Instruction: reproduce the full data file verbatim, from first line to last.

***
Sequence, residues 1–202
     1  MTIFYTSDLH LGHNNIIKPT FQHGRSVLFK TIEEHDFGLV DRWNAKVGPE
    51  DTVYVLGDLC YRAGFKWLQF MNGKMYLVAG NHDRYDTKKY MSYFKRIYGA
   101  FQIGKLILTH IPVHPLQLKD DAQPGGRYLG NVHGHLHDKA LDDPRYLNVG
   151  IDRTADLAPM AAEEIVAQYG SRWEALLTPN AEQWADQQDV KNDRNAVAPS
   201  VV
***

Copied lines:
Sequence, residues 1–202
     1  MTIFYTSDLH LGHNNIIKPT FQHGRSVLFK TIEEHDFGLV DRWNAKVGPE
    51  DTVYVLGDLC YRAGFKWLQF MNGKMYLVAG NHDRYDTKKY MSYFKRIYGA
   101  FQIGKLILTH IPVHPLQLKD DAQPGGRYLG NVHGHLHDKA LDDPRYLNVG
   151  IDRTADLAPM AAEEIVAQYG SRWEALLTPN AEQWADQQDV KNDRNAVAPS
   201  VV